Medicine:Vital capacity

From HandWiki
Output of a spirometer

Vital capacity (VC) is the maximum amount of air a person can expel from the lungs after a maximum inhalation. It is equal to the sum of inspiratory reserve volume, tidal volume, and expiratory reserve volume. It is approximately equal to Forced Vital Capacity (FVC).[1][2]

A person's vital capacity can be measured by a wet or regular spirometer. In combination with other physiological measurements, the vital capacity can help make a diagnosis of underlying lung disease. Furthermore, the vital capacity is used to determine the severity of respiratory muscle involvement in neuromuscular disease, and can guide treatment decisions in Guillain–Barré syndrome and myasthenic crisis.

A normal adult has a vital capacity between 3 and 5 litres.[3] A human's vital capacity depends on age, sex, height, mass, and possibly ethnicity.[4] However, the dependence on ethnicity is poorly understood or defined, as it was first established by studying black slaves in the 19th century[5] and may be the result of conflation with environmental factors.[6]

Lung volumes and lung capacities refer to the volume of air associated with different phases of the respiratory cycle. Lung volumes are directly measured, whereas lung capacities are inferred from volumes.

Role in diagnosis

The vital capacity can be used to help differentiate causes of lung disease. In restrictive lung disease the vital capacity is decreased. In obstructive lung disease it is usually normal or only slightly decreased.[7]

Estimated vital capacities

Males by height[8]
Height 150–155 cm (4'11"–5'1") 155–160 cm (5'1"–5'3") 160–165 cm (5'3"–5'5") 165–170 cm (5'5"–5'7") 170–175 cm (5'7"–5'9") 175–180 cm (5'9"–5'11)
Vital capacity (cm3) 2900 3150 3400 3720 3950 4300
Males by age[8]:183
Age 15–25 25–35 35–45 45–55 55–65
Vital capacity (cm3) 3425 3500 3225 3050 2850


Vital capacity increases with height and decreases with age. Formulas to estimate vital capacity are:[3]

[math]\displaystyle{ \begin{align} vc_{female} = (21.78 - 0.101 a ) \cdot h \\ vc_{male} = (27.63 - 0.112 a ) \cdot h \\ \end{align} }[/math] where [math]\displaystyle{ vc }[/math] is approximate vital capacity in cm3, [math]\displaystyle{ a }[/math] is age in years, and [math]\displaystyle{ h }[/math] is height in cm.


  1. Chhabra, S. K. (January 1998). "Forced Vital Capacity, Slow Vital Capacity, or Inspiratory Vital Capacity: Which Is the Best Measure of Vital Capacity?". Journal of Asthma 35 (4): 361–365. doi:10.3109/02770909809075669. PMID 9669830. 
  2. "Forced Expiratory Volume and Forced Vital Capacity". 
  3. 3.0 3.1 "Vital Capacity". Family Practice Notebook. 
  4. Hutchinson, John (January 1846). "On the Capacity of the Lungs, and on the Respiratory Functions, with a View of Establishing a Precise and Easy Method of Detecting Disease by the Spirometer". Journal of the Royal Society of Medicine MCT-29 (1): 137–252. doi:10.1177/095952874602900113. PMID 20895846. 
  5. Villarosa, Linda (14 August 2019). "How False Beliefs in Physical Racial Difference Still Live in Medicine Today". The New York Times. 
  6. Braun, Lundy (2015). "Race, ethnicity and lung function: A brief history". Canadian Journal of Respiratory Therapy 51 (4): 99–101. PMID 26566381. 
  7. "Pulmonary Function Tests". UCSD. 
  8. 8.0 8.1 Pratt, Joseph H. (December 1922). "Long-Continued Observations on the Vital Capacity in Health and Heart Disease". The American Journal of the Medical Sciences 164 (6): 819–831. doi:10.1097/00000441-192212000-00003. ProQuest 125233939.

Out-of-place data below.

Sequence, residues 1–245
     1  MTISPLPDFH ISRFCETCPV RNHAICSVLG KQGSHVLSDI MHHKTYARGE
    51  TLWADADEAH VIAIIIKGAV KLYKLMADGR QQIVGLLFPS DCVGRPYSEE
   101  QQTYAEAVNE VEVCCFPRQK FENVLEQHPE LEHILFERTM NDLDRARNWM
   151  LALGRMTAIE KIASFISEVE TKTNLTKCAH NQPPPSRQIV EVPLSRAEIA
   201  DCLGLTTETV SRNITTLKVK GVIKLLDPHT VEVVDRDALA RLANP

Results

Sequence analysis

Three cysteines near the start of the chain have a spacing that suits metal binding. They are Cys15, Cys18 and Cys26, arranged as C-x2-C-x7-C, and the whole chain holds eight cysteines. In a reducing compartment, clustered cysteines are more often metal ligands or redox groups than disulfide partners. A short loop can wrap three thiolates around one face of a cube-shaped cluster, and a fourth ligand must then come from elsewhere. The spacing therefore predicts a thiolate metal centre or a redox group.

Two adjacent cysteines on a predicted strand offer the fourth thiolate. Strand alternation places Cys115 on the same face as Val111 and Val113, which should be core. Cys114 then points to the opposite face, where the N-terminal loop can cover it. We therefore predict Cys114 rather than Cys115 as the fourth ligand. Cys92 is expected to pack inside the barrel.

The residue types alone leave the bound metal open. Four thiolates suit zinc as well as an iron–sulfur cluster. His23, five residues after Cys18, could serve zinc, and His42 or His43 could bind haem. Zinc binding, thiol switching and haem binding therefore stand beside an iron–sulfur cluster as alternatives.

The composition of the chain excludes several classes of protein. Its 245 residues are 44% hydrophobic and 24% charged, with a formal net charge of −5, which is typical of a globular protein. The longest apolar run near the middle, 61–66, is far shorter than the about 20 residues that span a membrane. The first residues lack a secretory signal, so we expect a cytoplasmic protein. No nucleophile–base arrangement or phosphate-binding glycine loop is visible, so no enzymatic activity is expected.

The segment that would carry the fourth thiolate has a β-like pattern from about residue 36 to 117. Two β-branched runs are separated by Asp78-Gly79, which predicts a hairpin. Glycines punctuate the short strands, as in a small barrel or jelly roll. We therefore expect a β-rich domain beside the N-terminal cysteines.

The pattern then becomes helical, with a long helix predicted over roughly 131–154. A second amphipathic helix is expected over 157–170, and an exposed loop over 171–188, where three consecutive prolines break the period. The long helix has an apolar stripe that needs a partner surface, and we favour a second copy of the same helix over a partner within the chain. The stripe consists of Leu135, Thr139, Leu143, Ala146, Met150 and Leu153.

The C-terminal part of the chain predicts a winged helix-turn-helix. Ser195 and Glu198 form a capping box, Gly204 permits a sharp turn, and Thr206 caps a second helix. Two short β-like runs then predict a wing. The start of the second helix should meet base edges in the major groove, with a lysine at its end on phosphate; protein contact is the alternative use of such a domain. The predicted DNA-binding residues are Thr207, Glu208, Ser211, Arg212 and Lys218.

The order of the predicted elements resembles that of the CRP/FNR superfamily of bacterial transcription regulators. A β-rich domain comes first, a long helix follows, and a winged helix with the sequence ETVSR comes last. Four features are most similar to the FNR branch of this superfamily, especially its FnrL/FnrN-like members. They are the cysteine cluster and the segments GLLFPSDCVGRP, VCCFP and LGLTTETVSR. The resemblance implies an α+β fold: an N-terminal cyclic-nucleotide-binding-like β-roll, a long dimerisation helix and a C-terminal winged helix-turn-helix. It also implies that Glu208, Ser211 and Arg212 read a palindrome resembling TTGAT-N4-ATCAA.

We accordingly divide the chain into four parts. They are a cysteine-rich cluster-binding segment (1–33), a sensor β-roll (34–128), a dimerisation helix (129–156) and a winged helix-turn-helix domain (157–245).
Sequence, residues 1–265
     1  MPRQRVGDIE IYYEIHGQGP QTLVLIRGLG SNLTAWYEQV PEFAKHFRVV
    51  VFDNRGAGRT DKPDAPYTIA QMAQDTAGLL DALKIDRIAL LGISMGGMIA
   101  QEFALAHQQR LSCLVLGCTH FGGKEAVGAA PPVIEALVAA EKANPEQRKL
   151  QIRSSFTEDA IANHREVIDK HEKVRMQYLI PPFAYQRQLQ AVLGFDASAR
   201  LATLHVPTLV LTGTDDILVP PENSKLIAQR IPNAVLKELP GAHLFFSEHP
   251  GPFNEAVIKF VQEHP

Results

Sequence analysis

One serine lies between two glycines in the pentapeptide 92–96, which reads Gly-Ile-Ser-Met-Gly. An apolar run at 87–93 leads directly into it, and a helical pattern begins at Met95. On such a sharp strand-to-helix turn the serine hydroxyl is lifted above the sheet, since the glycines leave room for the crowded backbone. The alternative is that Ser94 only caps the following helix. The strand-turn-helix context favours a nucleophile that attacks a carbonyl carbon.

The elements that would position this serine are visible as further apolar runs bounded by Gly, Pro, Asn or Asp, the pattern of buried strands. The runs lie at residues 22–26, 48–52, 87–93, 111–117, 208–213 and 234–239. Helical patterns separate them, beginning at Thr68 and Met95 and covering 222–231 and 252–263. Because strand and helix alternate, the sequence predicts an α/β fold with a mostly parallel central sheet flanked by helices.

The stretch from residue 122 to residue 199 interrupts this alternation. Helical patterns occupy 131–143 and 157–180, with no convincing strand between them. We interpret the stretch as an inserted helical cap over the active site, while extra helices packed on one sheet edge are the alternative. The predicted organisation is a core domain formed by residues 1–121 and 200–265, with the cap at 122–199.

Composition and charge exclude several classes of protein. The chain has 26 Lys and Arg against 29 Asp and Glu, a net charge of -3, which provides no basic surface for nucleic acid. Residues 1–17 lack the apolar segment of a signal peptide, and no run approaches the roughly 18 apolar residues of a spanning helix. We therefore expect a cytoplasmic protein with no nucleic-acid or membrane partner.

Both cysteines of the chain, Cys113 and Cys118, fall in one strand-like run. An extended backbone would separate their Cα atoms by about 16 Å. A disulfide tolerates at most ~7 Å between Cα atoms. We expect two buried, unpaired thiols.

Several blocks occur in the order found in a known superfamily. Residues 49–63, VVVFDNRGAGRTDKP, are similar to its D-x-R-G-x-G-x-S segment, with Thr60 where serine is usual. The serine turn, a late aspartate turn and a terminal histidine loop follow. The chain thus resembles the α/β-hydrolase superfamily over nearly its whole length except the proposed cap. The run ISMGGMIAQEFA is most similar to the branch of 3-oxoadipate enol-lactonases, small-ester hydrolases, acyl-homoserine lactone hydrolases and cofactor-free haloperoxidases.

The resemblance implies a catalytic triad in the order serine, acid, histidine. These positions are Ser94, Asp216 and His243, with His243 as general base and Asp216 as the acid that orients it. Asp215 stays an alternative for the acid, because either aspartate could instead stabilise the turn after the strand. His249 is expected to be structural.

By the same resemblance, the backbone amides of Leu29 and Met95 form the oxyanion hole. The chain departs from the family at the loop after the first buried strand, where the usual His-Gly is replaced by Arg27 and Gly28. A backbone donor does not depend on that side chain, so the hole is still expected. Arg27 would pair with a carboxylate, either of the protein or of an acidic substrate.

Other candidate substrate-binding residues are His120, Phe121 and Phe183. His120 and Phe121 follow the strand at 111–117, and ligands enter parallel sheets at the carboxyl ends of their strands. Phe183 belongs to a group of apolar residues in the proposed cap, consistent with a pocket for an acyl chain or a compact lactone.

Further reading

Several studies have been made to measure and predict vital capacity:

  • Berglund, E.; Birath, G.; Bjure, J.; Grimby, G.; Kjellmer, I.; Sandqvist, L.; Söderholm, B. (1963). "Spirometric Studies in Normal Subjects I: Forced Expirograms in Subjects Between 7 and 70 Years of Age". Acta Medica Scandinavica 173 (2): 185–192. doi:10.1111/j.0954-6820.1963.tb16520.x. PMID 13970718. 
  • Birath, G.; Kjellmer, I.; Sandqvist, L. (1963). "Spirometric Studies in Normal Subjects: II. Ventilatory Capacity Tests in Adults". Acta Medica Scandinavica 173 (2): 193–198. doi:10.1111/j.0954-6820.1963.tb16521.x. PMID 13968399. 
  • Grimby, G.; Sóderholm, B. (1963). "Spirometric Studies in Normal Subjects: III. Static Lung Volumes and Maximum Voluntary Ventilation in Adults with a Note on Physical Fitness". Acta Medica Scandinavica 173 (2): 199–206. doi:10.1111/j.0954-6820.1963.tb16523.x. 
  • Forche, Günther; Stadlober, Ernst; Harnoncourt, Karl (1988). "Neue spirometrische Bezugswerte für Kinder, Jugendliche und Erwachsene" (in de). Österreichische Ärztezeitung 43 (15;16): 40–42. 
  • Gulsvik, A.; Tosteson, T.; Bakke, P.; Humerfelt, S.; Weiss, S. T.; Speizer, F. E. (30 November 2001). "Expiratory and inspiratory forced vital capacity and one-second forced volume in asymptomatic never-smokers in Norway: Spirometric standards in Norway". Clinical Physiology 21 (6): 648–660. doi:10.1046/j.1365-2281.2001.00377.x. PMID 11722472. 
  • Hedenström, H; Malmberg, P; Agarwal, K (November 1985). "Reference values for lung function tests in females. Regression equations with smoking variables". Bulletin Européen de Physiopathologie Respiratoire 21 (6): 551–557. INIST:8470928. OCLC 114155676. PMID 4074961. 
  • Langhammer, A.; Johnsen, R.; Gulsvik, A.; Holmen, T.L.; Bjermer, L. (1 November 2001). "Forced spirometry reference values for Norwegian adults: the Bronchial Obstruction in Nord-Trøndelag study". European Respiratory Journal 18 (5): 770–779. doi:10.1183/09031936.01.00255301. PMID 11757626.